Our Digital Footprint. When a Friend, and a Network, Dies

This poignant post comes from {grow} community member Jenn Whinnem …

Remember Friendster? The social network that predated even MySpace (or am I showing my age?)? At any rate, it shuts down at the end of May, and I’m having a hard time with this.

See, Friendster is my last connection to Curtis, a friend of mine who died nearly eight years ago. That’s why I haven’t been able to bring myself to delete my account, even though Friendster stopped being a truly viable social networking service in 2005 (I think).

I never met Curtis – he was someone I knew through a message board and chat room. This was how I amused myself while I attended a rural college nearly ten years ago. Many of the people I met online became friends in real life.

Curtis was in his early 20s and very, very into music. In fact, he ran the site rantcore.com (no longer available), and it was pretty well known in punk circles back during that different world that was the internet in early 2000’s.

Curtis and I bonded because we were sickies. I have cystic fibrosis and Curtis had something called demyelinating polyneuropathy. This meant his nerve sheaths were destroying themselves, and he was becoming weak enough that he had just started walking with a cane. He was in pain every day.

At one point, he confided in me that he had found a blog (a newish thing, at the time) by a guy with an advanced case of the disease. The post that got to him was the one where the guy purchased a car for the handicapped that would load his wheelchair into the car for him.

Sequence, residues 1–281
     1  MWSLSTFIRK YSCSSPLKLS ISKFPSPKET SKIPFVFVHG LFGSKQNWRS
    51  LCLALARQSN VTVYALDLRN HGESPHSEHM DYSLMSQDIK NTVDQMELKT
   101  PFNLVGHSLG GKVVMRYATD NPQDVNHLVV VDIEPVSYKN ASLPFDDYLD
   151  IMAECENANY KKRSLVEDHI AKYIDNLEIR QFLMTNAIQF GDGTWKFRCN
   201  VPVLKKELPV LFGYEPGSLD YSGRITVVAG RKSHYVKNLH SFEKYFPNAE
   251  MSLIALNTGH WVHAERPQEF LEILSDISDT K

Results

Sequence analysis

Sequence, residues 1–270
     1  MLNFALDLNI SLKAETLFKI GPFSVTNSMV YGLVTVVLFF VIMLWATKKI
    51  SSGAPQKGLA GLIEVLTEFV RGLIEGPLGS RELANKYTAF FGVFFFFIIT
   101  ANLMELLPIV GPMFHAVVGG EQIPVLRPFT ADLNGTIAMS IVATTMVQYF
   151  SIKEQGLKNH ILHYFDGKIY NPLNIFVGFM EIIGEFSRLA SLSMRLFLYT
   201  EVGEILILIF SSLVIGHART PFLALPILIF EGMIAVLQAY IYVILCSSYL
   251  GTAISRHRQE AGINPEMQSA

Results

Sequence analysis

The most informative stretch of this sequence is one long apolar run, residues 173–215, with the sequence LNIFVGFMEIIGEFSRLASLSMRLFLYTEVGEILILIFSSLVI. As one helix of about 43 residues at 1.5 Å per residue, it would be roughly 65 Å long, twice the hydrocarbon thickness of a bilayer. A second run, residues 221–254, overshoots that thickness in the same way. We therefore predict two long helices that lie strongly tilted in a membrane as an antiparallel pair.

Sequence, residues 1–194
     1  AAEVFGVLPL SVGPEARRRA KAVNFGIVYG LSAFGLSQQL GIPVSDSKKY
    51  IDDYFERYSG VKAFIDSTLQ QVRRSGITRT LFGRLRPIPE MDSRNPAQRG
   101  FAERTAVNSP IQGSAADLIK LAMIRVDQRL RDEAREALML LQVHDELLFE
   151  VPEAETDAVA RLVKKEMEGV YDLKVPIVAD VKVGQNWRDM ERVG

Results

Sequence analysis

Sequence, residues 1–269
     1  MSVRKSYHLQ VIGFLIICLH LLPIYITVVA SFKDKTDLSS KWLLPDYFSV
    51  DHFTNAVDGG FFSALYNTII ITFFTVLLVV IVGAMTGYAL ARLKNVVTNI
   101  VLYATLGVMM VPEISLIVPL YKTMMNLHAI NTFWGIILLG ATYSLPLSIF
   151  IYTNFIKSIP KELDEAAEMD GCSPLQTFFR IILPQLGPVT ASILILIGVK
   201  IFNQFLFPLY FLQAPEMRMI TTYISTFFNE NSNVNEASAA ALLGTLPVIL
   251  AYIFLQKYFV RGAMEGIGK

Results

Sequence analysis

When you have a fatal disease, you have these moments where you realize: this is going to happen to me. You feel your mortality. This was one of those moments for Curtis as he realized what his disease was going to do to him. If he did attend one of his beloved punk shows, it would be in a wheelchair. That was, of course, if he could even breathe. Curtis and I talked a long time about what this would mean for him.

And yet, this never happened.

Curtis slipped in the shower and hit his head. He lived alone, so he bled to death. We found out because his girlfriend logged into chat one day to tell us he had died. A friend verified this with the county coroner.

I can’t tell you what this felt like, to grieve for someone I knew but had not met. I talked to Curtis everyday for almost a year. He sent me a .zip file of The Bangs to cheer me up once; I told him stories about my job taking care of the elderly. You can’t tell me that that’s not a friendship.

Curtis died November 25, 2003 – just a few months after Friendster started and we joined. Every year I get a little reminder about his birthday, and I log into Friendster, see his photos, read the funny comments people wrote about him. Friendster shutting down means I lose one more little piece of Curtis.

It’s something that many of us don’t like to think about, but I’m going to ask, because what I learned from Curtis is that it can sneak up on you way before you’re ready for it: what’s your digital legacy? How will we remember you after you die? What do we do when the comments are gone?

Jenn Whinnem is the Communications Officer for the Connecticut Health Foundation (www.cthealth.org). In this role, she is in charge of the web and social media for the foundation. You can find her on Twitter www.twitter.com/jennwhinnem.

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